Monday, July 03, 2006


Sweet rental rides

My mildly horrendous train trip from Chicago to Albany ended with the inconvenient fillip of a transfer -- via $30 cab ride -- from the Amtrak station to the airport to pick up our rental car.

The car rental is usually the last travel hassle you have to go through after a wearing trip. You negotiate the rental car desk, which is just as fun as the airline check-in desk, and designed to look exactly the same: frustrated patrons leaning forward, legs crossed, and folded arms resting on the chest-high counter while the customer-weary counter clerk tappity-tappity-taps on a computer keyboard.

With age, I've gotten pickier about rental cars. The American-made cars they offer really suck: Chevy Malibu, Pontiac Grand Am. I always wind up at the rental desk trying to negotiate a better car, often unsuccessfully, and I was preparing myself to swallow the bitter pill of a week in a Ford Taurus -- a fitting end to a disappointing journey. But a pleasant surprise awaited me.
"We're giving you a free upgrade," said the Hertz counter clerk. "Would you like a pickup truck or a Volvo S60?"
"Okay..." I eyed her suspiciously. What was the catch? "I'll take the Volvo."
"Would you like a blue one or a silver one?"
The Volvo S60 is for all intents and purposes a luxury car. Not top of the line, perhaps, but a sweet ride. Roomy, ergonomically designed interiors, buttery leather seats the color of ... well, butter, actually. Nice power and handling. Definitely a car that makes you feel a tad cramped and dissatisfied when you get back into your own car after the trip.

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Volvo S60. Mmmmmm.

This was my second really good rental experience in a row. In Vancouver, we were able to substitute a Toyota Matrix for the Ford Taurus. Technically a downgrade, and therefore a cut in price, the Matrix was also a smooth ride. It was comfortable, decently powered, and had two features I really liked.

Toyota Matrix.

One was the "old knees" feature. You may know that a lot of older people are drawn to minivans and SUVs, not because they want big-butt vehicles, but simply because the higher chassis enables riders to get in and out of the seats without doing deep knee bends. Well the Matrix offers high seats in a normal sedan-sized station wagon. I don't know whether this means the car is dangerously high-centered like SUVs -- I hope not. I like the idea of a high-seated alternative.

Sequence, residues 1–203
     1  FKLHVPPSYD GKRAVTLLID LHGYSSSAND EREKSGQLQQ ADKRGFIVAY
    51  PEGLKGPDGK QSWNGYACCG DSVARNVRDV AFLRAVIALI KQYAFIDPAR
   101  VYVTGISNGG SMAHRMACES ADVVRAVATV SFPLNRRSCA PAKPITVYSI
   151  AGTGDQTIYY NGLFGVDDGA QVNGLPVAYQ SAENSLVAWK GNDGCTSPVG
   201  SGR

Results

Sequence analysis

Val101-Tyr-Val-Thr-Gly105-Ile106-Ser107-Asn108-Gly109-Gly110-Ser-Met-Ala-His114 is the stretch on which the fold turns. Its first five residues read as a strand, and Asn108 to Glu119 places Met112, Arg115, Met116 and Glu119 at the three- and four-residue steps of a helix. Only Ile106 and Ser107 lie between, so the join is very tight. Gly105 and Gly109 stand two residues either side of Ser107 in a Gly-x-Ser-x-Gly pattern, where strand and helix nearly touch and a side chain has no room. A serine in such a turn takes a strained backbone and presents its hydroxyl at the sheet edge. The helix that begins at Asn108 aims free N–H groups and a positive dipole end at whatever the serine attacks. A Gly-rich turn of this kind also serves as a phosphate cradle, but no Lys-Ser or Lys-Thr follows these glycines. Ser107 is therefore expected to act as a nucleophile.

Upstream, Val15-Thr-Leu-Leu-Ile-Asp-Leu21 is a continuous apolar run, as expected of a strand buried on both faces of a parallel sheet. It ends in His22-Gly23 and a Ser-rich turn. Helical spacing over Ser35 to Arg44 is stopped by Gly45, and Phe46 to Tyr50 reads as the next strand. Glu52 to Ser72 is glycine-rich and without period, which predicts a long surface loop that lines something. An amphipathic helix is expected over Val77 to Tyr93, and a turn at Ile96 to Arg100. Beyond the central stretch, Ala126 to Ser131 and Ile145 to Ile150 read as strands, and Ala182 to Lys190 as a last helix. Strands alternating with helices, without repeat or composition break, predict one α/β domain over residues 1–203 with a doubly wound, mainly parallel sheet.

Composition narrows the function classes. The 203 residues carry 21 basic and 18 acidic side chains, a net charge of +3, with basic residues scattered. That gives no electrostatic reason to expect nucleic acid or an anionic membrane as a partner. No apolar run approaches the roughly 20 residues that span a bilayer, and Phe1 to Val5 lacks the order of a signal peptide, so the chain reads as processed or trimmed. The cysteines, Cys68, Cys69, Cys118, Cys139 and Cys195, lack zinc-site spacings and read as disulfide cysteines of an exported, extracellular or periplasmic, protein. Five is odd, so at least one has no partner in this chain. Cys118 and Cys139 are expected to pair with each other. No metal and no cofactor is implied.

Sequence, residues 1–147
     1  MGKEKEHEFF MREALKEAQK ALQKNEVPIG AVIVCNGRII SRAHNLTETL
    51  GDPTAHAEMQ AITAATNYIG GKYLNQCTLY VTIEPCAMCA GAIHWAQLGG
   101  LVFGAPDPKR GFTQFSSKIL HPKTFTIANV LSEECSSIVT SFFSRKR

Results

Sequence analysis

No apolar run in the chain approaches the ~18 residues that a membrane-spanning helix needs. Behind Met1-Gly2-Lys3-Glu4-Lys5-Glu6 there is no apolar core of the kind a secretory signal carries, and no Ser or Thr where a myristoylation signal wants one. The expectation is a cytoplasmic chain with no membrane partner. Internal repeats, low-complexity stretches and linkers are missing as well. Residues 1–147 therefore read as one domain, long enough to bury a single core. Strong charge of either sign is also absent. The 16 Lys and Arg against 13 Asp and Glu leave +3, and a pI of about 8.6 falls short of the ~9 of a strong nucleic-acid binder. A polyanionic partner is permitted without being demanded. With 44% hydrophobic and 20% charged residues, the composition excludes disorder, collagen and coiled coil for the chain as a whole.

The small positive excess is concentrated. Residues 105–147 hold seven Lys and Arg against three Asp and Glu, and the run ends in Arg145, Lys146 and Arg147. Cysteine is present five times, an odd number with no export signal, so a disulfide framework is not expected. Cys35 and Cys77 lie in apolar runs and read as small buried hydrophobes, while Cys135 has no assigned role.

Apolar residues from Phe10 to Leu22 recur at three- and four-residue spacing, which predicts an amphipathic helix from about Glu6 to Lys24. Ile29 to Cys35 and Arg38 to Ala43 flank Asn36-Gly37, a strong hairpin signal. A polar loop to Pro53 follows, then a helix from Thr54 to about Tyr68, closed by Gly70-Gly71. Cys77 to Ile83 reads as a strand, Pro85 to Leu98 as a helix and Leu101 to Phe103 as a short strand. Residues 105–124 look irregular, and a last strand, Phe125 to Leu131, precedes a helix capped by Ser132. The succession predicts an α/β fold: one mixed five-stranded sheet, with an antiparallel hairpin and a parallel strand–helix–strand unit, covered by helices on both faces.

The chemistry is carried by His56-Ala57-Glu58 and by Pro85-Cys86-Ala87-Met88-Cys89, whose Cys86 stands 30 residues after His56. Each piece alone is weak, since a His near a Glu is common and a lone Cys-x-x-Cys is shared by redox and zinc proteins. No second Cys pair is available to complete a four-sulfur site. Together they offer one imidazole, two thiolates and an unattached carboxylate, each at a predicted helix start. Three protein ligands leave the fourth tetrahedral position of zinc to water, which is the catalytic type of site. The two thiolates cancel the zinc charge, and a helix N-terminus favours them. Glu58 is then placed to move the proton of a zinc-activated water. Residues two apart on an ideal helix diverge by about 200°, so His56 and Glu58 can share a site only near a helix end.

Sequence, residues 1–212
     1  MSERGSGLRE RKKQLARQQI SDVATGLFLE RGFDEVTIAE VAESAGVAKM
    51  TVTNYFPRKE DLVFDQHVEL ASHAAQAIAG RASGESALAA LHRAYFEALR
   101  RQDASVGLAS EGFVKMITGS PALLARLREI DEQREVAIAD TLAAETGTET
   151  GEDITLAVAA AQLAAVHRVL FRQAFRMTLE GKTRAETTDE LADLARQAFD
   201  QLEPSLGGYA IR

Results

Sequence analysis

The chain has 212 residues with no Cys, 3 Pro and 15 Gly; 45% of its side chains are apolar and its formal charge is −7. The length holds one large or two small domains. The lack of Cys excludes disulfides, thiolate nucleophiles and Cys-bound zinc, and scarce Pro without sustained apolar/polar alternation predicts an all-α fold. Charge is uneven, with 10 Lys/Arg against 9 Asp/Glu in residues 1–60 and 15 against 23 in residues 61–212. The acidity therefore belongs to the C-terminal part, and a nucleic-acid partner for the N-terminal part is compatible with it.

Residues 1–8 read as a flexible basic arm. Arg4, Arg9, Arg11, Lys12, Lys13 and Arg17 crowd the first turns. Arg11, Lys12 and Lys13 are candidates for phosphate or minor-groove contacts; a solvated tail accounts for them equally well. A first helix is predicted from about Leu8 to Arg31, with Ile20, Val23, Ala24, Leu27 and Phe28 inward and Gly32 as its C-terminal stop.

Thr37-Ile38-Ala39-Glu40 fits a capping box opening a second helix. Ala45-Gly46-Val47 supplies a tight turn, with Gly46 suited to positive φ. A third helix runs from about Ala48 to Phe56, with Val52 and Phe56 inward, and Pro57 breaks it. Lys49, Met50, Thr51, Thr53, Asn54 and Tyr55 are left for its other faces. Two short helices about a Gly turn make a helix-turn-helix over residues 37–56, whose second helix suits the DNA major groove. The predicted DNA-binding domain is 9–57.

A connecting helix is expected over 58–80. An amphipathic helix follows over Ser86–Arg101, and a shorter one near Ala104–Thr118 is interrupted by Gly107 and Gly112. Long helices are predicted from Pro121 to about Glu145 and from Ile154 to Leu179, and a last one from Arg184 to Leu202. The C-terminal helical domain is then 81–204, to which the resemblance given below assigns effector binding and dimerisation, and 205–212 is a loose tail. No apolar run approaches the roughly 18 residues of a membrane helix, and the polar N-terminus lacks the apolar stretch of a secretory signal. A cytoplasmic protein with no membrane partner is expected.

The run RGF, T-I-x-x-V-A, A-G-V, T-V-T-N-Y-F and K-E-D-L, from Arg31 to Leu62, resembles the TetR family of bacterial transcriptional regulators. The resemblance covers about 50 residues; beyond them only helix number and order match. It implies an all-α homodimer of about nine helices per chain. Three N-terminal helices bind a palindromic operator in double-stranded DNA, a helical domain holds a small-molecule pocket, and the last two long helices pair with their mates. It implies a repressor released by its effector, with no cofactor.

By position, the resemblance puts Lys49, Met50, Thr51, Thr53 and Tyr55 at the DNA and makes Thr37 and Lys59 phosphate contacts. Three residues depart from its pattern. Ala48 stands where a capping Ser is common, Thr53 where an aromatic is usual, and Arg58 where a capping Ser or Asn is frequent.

Second, the Matrix offers what I call the "ABSD" -- or "Anti-Back-Seat-Driver" -- feature. Technically, the design deters annoying kibbitzing from the passenger seat by making it impossible for the front-seat passenger to see any of the dashboard dials.

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Toyota Matrix ABSD dashboard indicators, front and side views.

Neat, huh?

oscar, dahlling -- as an employee of the univ of X, you are entitled to a discount for National rental cars, replete with full insurance coverage at no cost. join the emerald club (free) and you need not stand at the counter -- just go the emerald aisle and pick whichever car you like from those in the class (lux, mid etc) you reserved. yes they have grand ams, but they also have some VWs.


nyxonr -- new york's honor
Same thing happened to me at an Enterprise in San Diego. The desired size had sold out, so they offered me the Volvo... or a minivan.

Terrific ride, especially now that they're no longer boxy. The Volvo, not the minivan.

mfrdet (muh-FRED-ette): my female Fred.
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